Community speedwatch scheme coming to Windsor and Maidenhead

Shay Bottomley

A new community speedwatch scheme is expected to be signed off on today (Friday), providing residents with an opportunity to address speeding issues on their own roads.

At the Maidenhead Town Forum on Monday, Jeffrey Pick, community engagement and resilience officer for Windsor and Maidenhead, detailed the plans in which residents can apply for the scheme across the borough.

He said that it is ‘hoped’ that the contract will be signed off on Friday, with the scheme going live on October 1.

People living on roads where there are persistent issues with speeding can apply directly to Thames Valley Police using a new website, which will be announced later this month.

From there, residents will be told if their road is applicable for the scheme; if it is, a speed gun will be sent allowing individuals within the community to monitor speeding.

Fines will not be directly issued at this stage, although drivers caught breaking the speed limit will be sent a letter through the police. It is intended that the community speedwatch scheme is for ‘educational’ rather than ‘enforcement’ purposes.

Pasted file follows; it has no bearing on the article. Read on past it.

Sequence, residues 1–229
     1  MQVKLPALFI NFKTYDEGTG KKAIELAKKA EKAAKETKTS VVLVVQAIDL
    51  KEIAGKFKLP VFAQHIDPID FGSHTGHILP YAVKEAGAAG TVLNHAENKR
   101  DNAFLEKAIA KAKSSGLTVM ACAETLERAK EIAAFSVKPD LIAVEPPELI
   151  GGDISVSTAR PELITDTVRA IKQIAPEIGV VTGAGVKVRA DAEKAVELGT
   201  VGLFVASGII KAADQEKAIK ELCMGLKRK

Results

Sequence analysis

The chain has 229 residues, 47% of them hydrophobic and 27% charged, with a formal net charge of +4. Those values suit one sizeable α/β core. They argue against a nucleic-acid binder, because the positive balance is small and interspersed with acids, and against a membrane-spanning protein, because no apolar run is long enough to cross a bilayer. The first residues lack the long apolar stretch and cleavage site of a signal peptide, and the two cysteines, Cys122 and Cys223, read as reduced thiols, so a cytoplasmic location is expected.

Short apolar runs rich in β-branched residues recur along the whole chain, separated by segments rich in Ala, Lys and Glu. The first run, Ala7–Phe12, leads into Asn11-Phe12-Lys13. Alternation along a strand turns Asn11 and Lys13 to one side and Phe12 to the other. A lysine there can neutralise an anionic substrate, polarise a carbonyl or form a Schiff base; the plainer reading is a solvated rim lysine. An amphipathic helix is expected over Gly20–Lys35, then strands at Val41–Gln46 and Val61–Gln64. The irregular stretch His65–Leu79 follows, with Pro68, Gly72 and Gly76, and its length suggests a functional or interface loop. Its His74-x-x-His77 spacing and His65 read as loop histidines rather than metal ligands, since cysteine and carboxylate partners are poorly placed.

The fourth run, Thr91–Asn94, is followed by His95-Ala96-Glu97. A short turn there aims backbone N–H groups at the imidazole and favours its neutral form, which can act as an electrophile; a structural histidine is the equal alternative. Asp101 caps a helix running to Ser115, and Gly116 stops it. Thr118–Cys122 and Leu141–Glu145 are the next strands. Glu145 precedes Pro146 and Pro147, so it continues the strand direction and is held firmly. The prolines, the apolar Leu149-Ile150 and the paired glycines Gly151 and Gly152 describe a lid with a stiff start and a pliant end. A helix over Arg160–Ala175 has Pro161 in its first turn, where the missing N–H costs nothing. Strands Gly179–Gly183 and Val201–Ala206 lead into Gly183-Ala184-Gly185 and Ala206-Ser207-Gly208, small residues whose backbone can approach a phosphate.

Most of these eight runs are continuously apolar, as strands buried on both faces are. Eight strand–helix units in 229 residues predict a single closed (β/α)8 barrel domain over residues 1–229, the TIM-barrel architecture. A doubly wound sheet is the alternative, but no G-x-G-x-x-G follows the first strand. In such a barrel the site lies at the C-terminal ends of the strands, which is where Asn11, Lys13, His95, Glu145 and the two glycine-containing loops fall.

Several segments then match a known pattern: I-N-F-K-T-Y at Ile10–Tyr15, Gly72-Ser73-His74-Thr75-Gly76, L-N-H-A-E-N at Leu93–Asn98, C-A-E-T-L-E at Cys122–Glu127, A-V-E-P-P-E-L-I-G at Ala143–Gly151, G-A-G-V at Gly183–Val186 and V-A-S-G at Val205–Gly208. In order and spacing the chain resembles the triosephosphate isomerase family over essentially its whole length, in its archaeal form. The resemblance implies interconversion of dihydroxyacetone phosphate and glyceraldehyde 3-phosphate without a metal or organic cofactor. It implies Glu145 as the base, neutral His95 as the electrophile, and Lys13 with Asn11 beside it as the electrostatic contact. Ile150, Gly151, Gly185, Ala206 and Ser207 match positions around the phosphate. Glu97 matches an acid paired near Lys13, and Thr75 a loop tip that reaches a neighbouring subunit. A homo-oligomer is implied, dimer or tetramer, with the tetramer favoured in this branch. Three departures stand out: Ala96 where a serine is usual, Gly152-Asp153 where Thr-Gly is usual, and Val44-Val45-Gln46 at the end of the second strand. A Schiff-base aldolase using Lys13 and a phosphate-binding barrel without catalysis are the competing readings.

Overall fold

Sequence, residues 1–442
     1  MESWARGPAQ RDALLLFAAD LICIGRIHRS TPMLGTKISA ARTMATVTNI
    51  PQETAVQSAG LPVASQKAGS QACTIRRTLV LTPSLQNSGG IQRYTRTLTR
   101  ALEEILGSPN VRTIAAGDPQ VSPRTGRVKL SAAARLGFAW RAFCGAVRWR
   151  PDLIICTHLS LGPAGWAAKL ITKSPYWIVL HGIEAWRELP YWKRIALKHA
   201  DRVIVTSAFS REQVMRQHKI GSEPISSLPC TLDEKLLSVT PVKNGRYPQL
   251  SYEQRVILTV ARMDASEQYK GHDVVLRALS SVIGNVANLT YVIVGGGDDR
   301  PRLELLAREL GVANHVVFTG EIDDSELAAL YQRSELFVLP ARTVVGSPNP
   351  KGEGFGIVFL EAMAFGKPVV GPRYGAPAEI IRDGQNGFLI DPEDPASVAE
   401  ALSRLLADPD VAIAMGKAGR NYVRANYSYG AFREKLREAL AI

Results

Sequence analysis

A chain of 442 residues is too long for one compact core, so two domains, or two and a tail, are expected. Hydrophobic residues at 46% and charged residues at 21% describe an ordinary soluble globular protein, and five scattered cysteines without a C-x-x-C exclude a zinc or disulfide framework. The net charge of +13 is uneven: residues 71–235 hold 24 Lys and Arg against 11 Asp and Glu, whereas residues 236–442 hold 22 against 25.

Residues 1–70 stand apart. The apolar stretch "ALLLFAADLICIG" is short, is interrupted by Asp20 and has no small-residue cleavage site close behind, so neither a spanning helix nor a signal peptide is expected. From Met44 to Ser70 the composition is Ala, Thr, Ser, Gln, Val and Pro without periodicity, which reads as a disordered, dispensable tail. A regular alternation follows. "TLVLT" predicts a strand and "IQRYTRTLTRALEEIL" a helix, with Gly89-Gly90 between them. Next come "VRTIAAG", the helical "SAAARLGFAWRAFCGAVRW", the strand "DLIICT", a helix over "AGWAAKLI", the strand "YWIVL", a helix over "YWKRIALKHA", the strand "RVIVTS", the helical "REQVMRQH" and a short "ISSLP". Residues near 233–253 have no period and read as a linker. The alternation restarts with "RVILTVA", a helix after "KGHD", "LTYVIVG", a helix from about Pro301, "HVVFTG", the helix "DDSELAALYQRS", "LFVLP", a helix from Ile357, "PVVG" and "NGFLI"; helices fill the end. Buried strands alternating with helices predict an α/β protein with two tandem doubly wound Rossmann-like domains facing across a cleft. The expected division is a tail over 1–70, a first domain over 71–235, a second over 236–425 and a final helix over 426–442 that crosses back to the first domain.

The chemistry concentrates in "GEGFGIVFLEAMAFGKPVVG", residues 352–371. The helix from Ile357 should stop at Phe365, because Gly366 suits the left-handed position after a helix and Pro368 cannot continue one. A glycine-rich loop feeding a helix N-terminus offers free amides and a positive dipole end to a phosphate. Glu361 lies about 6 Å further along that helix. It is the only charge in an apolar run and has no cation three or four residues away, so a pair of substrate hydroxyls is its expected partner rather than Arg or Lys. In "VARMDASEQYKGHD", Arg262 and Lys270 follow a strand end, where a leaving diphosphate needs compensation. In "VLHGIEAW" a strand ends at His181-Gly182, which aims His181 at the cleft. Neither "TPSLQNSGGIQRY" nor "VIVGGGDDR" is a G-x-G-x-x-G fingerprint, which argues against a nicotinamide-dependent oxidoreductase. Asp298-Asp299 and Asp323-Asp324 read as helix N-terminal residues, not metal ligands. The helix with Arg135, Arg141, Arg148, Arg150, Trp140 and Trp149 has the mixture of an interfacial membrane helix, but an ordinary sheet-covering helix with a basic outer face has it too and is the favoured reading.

If issues persist after two months, Thames Valley Police will investigate the issue and send officers to monitor the situation where enforcement action will begin to take place.

Failing that, this will be escalated to the force’s traffic unit, where drivers can face heavier consequences for speeding.

If issues remain after this stage, the police will have sufficient evidence to approach the Royal Borough to suggest appropriate traffic calming methods.

Mr Pick told the forum: “The new Police and Crime Commissioner (PCC) has decided that we will no longer be involved in community speedwatch.

“It’s going to be handed down to individual streets; they will ask for a speed watch on a brand new website. This is nothing to do with us at all, [and it’s] funded by the PCC.

“Two pilots have taken place, one was in Bourne End, and in the last six to eight weeks they have registered and send letter to over one thousand cars speeding through the village.”

He added that the council would be able to see the ‘back end’ of the information, meaning no personal details would be provided to the council but they would be able to see the number of cars speeding in a particular area and highlight which roads were ‘causing a problem’.

Editor's Picks

Most read

Top Articles